I’ve always kind of known what my autobiography is going to be titled- “how my love for sweets led to my downfall”. Although, now it seems better suited for a mosquito rather than a large human being.
Reason? Mosquitoes aren’t just blood thirsty, they also have a sweet tooth.
No kidding. And scientists, as usual, exploiting this nature of mosquitoes, have developed an environmentally friendly eradication method. They have recently invented an aromatic cocktail derived from plant nectars that strongly attracts the insects to feed on a pesticide-laced potion.
“The blend of chemicals that we use to attract mosquitoes is so powerful that they will ignore natural plant odors and attractants in order to get to our formulation,” says Agenor Mafra-Neto, Ph.D. “From a mosquito’s point of view, it’s like having an irresistible chocolate shop on every corner. The product is so seductive that they will feed on it almost exclusively, even when it contains lethal doses of insecticide.”
Efforts to reduce mosquito populations by spraying insecticides across wide areas or distributing insecticide-containing bed netting have helped in some places. But many mosquitoes have evolved resistance to certain insecticides. To make matters worse, widespread insecticide use has contaminated soils and streams and wreaked havoc on beneficial insects, such as bees and other pollinators.
Every year, approximately 725,000 people die from mosquito-borne diseases like malaria, according to the Bill & Melinda Gates Foundation.
To avoid them all, researchers at the ISCA Technologies and several others from various universities collected a variety of sweet-smelling flowers and other nectar-producing plants.
They used a technique known as gas chromatography to separate and identify the odor compounds. They then exposed mosquito antennae to thousands of the compounds to determine which might have a biological effect. At the same time, they eliminated scents that seemed to attract bees. Once they settled on a combination of 20 compounds, they added mosquito-killing insecticides, such as pyrethroids or spinosad, to the mix.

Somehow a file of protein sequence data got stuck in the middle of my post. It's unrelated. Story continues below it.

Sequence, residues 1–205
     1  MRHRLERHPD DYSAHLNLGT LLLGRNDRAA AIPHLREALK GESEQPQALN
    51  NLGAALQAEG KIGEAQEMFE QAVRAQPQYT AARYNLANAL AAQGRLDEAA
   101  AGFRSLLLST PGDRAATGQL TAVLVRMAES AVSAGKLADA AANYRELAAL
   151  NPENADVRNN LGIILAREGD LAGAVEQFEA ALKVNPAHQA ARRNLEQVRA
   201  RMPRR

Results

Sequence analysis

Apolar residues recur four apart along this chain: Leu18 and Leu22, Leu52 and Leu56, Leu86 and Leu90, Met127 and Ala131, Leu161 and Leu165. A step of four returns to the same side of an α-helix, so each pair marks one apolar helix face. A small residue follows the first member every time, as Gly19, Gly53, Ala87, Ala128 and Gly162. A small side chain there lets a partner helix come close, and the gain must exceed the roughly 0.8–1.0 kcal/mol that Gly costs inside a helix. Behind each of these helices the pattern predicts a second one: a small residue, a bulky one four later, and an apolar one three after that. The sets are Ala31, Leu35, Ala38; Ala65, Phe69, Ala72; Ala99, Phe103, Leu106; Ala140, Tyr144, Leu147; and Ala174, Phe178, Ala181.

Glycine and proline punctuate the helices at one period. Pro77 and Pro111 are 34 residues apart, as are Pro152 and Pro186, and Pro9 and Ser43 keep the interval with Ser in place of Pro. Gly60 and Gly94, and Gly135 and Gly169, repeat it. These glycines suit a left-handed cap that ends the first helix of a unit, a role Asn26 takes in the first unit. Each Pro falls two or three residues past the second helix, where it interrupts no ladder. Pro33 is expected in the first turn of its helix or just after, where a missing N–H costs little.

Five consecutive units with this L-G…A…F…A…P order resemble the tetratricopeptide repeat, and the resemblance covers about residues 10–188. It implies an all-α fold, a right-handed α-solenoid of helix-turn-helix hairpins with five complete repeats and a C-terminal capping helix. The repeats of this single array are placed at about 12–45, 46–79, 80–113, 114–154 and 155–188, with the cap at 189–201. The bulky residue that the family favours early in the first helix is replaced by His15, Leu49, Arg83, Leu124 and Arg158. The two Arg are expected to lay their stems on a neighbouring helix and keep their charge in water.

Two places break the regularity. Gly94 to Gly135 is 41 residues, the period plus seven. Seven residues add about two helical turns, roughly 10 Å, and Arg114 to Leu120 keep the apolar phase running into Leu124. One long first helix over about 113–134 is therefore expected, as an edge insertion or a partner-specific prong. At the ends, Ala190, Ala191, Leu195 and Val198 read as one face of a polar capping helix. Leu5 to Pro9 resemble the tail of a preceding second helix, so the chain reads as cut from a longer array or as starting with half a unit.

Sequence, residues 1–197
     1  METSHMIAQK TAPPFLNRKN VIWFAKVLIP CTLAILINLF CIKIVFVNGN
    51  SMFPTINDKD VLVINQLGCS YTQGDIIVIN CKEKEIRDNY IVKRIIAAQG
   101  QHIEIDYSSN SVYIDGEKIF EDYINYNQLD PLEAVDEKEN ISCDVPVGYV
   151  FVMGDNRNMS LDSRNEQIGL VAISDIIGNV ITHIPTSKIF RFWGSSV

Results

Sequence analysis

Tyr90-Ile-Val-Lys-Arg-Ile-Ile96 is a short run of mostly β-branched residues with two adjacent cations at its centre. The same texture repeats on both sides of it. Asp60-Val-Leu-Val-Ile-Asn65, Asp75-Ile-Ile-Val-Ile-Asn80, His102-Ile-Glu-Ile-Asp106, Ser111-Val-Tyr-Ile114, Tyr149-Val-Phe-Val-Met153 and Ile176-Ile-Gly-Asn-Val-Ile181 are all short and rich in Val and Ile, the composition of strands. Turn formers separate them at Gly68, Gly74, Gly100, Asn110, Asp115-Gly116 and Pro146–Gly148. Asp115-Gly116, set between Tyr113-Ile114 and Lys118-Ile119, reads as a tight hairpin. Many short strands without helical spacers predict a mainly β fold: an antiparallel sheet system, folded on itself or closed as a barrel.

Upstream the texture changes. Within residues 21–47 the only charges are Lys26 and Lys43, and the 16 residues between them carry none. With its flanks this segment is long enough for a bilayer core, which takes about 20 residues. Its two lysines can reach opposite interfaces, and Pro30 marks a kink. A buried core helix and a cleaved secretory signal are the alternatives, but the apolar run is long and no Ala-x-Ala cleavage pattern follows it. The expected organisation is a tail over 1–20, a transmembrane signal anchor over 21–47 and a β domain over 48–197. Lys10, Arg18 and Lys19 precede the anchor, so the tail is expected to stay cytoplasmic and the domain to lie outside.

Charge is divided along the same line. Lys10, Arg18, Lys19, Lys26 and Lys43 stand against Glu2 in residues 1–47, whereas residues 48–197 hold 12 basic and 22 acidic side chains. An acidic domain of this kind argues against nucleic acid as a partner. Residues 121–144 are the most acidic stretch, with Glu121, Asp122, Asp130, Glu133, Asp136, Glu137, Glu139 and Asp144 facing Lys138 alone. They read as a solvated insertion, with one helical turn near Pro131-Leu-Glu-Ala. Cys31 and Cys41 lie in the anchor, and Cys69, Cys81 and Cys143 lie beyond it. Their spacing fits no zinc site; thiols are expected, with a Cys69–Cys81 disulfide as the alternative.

The resulting product, which is called Vectrax, is a slow-release formula for use indoors or outdoors. It can be applied as a spray, which produces 1- to 5-millimeter dollops on vegetation or building eaves, or as a semi-solid, caulk-like gel on cracks or holes in outdoor structures.
The researchers are conducting field tests in Tanzania, an African nation where 93 percent of the population is at risk for malaria. In preliminary results, they found that mosquito populations plunged by two-thirds in just two weeks in Vetrax-treated communities compared to untreated ones.
The new approach definitely sounds highly promising and unique- Unlike many mosquito control approaches such as aerial spraying and bed nets, it may work well both indoors and outdoors.
Mafra-Neto says his company is working now to get approval for their formulation from the U.S. Environmental Protection Agency, which he says could come in as little as 1 year.
“I truly hate mosquitoes and ticks,” Mafra-Neto says. “Imagine: Maybe one day we will be able to go into our backyards or parks and not have to worry about being bothered by either of them.”